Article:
If you’re taking Python lessons online, you will eventually need a good IDE (Integrated Development Environment) to write better code. The command line interface can only prove so useful. At Python.com you can download a native IDE called IDLE (Integrated Development and Learning Environment). However, it is rather basic in scope, and debugging can consume more time than necessary. With this in mind, here are a few of the best IDEs for Python which add to your productivity.
PyCharm by JetBrains is quite popular and works like a “charm” for Python developers at all levels of expertise. Intelligent features include a code-completing editor which gives context-aware suggestions as you type. You can indent automatically, detect duplicate text, and check highlights for errors. Also, there are smart search features to search for every single word in a jiffy. Apart from Go-To’s, there is a Lens mode to hover near text, and you can even bookmark it to go back later.
Of course, an IDE with so many smart features is not cheap and will set you back by $200/user. However, that is only the first-year cost, and from the third year you can expect to pay $119/user. PyCharm is excellent for the ultimate professional. The learning curve is minimal, and you can find a complete set of tutorials on the JetBrains website.
If you’re willing to forgo a little convenience for something open source and free, PyDev offers a useful interface. Remember that it comes with Eclipse, which is available separately. For a free IDE, PyDev is not lacking smart coding features. These include automatic code completion, smart indents and block indents, highlighting matching brackets, simple search and a debugger. Furthermore, all necessary features are available in the navigation menu itself, and you can analyze your codes easily.
3. Atom IDE
If you’re looking for a Python text editor that contains the “cheats” to every problem you can imagine, Atom is the best fit. In fact, they consider themselves a “hackable” text editor for the 21st century. This free and open-source community, backed by an MIT license, is like the Wikipedia of Python codes. There are over 8000 packages you can install from the Atom website. Besides, they even have a Slack community where you can find help and collaboration for your projects.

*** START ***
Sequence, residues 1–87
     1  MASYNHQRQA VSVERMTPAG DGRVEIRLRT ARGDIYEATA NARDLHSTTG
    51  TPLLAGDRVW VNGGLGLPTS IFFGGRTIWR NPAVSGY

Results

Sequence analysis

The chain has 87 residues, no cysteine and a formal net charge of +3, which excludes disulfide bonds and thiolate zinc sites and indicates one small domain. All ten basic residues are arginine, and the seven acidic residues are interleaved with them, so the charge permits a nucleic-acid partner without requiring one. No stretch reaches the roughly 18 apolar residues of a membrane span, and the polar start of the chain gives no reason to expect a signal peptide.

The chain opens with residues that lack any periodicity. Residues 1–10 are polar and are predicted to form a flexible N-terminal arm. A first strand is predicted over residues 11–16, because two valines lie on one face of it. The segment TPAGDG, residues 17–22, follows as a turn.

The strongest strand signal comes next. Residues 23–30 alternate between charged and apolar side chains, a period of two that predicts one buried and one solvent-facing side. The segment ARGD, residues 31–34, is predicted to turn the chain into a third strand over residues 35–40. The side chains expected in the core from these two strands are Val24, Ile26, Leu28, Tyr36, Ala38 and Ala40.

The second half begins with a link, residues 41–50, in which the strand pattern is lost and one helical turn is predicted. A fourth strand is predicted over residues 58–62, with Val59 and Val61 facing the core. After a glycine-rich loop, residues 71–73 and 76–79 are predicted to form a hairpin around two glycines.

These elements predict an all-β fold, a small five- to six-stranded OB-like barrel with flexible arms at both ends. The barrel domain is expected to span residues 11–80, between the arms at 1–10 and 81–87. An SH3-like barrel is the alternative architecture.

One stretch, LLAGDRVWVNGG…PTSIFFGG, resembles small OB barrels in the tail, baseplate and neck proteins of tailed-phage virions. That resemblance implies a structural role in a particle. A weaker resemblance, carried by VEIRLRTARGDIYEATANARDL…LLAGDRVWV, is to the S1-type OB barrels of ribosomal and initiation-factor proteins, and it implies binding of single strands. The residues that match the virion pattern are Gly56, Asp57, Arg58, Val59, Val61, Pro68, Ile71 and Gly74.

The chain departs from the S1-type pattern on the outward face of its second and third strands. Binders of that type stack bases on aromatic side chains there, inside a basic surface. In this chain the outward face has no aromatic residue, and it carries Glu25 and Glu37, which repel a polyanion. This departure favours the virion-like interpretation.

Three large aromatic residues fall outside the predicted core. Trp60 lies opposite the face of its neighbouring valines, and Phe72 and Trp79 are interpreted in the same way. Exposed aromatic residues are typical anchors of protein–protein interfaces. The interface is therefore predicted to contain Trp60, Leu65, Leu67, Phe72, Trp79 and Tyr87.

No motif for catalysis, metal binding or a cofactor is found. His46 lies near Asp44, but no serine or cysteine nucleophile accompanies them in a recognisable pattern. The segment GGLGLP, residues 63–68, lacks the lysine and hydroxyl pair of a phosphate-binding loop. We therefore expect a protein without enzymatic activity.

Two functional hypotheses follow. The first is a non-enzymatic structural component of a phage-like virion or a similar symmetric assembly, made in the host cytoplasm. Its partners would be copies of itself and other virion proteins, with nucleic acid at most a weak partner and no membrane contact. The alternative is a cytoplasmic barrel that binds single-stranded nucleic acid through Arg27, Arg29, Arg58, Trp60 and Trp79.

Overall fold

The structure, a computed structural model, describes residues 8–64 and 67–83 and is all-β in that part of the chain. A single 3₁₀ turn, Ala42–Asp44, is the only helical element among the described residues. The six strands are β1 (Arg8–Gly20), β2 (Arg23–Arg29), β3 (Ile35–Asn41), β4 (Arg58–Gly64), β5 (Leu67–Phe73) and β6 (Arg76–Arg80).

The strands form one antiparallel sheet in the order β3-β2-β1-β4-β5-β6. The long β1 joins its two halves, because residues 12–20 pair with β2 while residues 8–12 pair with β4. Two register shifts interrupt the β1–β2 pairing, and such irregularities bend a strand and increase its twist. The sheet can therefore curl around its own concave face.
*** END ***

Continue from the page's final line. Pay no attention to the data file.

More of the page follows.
4. Wing Python
Another IDE, Wing Python, is a really premium editor which leaves no feature behind. Its personal edition is free but not limited by features. Moreover, you can use all the basic purposes including auto-completion, syntax highlighting, indents and debugging. A full-featured professional version costs $245/user/year for commercial use, which is far too expensive. However, it contains advanced features including a powerful search engine, Django and other framework support.
Compared to PyCharm, it does not compare very well, though, even after charging more money. However, one of Python’s guiding mottos is to make codes beautiful. In this case the interface is clean and minimal, which allows for beautiful codes which take far less time.
PyScripter is a very new version environment for Python, and its latest stable version was released just two months ago. It is completely free and open source and extremely lightweight, unlike the premium IDEs. The compliler comes with all basic features of a coding platform and can serve the needs of beginners as well as experts. All programs are seen in the running window, and you can run them multiple times to check for bugs. Again, this is one of the best free IDEs out there, and you will not be disappointed.
According to the developer community at StackOverflow.com, Python is the fastest growing major programming language. This fits correctly with its increasing use in Internet of Things and Big Data applications. Working seriously with the Python software program requires access to a best-in-class IDE. Indeed, no matter which software you use from this article, you will not be unhappy with the results.
Do you have a personal favorite? Please let us know in the comments.